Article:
Monthly figures are used to calculate the child support obligation. Any adjustments to the child support amount should be annualized so that each month's child support obligation is increased or decreased in an equal amount, instead of the obligation for particular months being increased or decreased.
FOR EXAMPLE: One parent incurs childcare costs of $150 per month but only for nine months of the year. The adjustment for childcare costs must be annualized as follows: Multiply the $150 monthly cost times the nine months that the cost is actually paid each year, for an annual total of $1,350. Divide this total by 12 months to arrive at an annualized monthly adjustment of $113 that may be added to the Basic Child Support
Obligation when determining the child support order.
Terms such as "Gross Income" and "Adjusted Gross Income" don't have the same meaning as when they are used for tax purposes
Gross income includes income from any source, and may include income from salaries, wages, commissions, bonuses, dividends, severance pay, pensions, interest, trust income, annuities, capital gains, social security benefits, worker's compensation benefits, unemployment insurance benefits, disability insurance benefits, recurring gifts, prizes, and spousal maintenance.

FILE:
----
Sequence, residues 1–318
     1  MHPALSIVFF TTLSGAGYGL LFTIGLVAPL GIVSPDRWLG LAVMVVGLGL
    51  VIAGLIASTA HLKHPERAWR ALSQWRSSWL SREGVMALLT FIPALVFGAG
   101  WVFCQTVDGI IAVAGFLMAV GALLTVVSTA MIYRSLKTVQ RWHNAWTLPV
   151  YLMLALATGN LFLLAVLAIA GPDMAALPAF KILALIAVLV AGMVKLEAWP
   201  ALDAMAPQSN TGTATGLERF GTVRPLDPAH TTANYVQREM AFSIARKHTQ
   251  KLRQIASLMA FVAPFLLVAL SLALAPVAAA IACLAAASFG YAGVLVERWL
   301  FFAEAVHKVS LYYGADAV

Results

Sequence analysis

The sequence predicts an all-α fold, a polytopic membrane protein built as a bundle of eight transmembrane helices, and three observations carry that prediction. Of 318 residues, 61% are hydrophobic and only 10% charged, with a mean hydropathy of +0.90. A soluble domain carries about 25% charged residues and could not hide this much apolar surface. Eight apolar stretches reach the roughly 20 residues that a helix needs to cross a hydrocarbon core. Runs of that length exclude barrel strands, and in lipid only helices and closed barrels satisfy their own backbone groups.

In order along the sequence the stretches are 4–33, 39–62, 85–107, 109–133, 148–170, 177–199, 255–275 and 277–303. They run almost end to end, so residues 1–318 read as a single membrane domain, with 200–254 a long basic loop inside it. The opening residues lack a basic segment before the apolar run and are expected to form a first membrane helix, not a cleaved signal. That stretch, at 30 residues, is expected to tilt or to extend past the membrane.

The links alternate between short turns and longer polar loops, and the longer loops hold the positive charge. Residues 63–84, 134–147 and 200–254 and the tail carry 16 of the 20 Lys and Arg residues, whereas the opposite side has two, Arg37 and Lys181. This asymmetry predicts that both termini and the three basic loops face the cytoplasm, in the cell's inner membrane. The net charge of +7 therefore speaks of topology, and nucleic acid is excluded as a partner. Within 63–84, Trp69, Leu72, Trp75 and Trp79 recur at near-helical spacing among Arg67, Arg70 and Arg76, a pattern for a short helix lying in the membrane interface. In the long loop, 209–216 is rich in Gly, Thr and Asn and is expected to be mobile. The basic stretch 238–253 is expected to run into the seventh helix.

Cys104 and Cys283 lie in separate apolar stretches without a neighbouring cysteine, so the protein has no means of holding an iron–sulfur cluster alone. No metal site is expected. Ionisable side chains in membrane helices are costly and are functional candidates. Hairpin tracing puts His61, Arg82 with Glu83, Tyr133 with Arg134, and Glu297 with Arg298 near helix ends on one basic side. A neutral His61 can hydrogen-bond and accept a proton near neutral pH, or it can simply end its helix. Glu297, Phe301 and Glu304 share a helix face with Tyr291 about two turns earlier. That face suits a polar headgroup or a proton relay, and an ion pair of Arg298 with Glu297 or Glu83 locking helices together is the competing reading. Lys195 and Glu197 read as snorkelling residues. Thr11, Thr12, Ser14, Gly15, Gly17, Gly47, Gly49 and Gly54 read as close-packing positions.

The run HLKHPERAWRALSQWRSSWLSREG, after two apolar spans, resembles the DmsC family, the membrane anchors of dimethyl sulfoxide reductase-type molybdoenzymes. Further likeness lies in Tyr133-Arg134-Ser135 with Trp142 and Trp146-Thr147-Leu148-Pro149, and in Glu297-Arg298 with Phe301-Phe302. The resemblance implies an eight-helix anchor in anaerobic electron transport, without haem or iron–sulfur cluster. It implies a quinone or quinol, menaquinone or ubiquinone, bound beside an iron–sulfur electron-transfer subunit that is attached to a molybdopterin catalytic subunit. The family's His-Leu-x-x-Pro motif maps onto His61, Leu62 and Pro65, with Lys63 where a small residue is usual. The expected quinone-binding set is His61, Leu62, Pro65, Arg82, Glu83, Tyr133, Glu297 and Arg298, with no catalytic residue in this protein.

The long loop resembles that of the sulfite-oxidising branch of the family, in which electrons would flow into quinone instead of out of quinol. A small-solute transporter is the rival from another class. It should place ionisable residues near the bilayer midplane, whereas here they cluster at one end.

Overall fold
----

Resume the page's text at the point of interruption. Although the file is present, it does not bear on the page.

Cash value will be assigned to in-kind or other non-cash benefits. Seasonal or fluctuating income should be annualized. Income from any source that isn't continuing or recurring doesn't need to be included in gross income for child support purposes.
Don't attribute income for overtime, unless it's part your regular schedule
Generally, the court should not attribute income greater than what would have been earned from full-time employment. Each parent should have the choice of working additional hours through overtime or at a second job without increasing the child support
award. The court may, however, consider income actually earned that is greater than what would have been earned by full-time employment, if that income was historically earned from a regular schedule and is anticipated to continue into the future.
The court should generally not attribute additional income to a parent if that would require an extraordinary work regimen. Determination of what constitutes a reasonable work regimen depends upon all relevant circumstances including the choice of jobs available within a particular occupation, working hours and working conditions.
If self-employed, "gross income" means "adjusted gross income"
Remember to deduct for ordinary and necessary expenses when calculating "gross income" for purposes of child support. For income from self-employment, rent, royalties, proprietorship of a business, or joint ownership of a partnership or closely held corporation, gross income means gross receipts minus ordinary and necessary expenses required to produce income.
Ordinary and necessary expenses don't include amounts determined by the court to be inappropriate for determining gross income for purposes of child support. Ordinary and necessary expenses include one-half of the self-employment tax actually paid.
Reimbursements and non-cash benefits from work count as income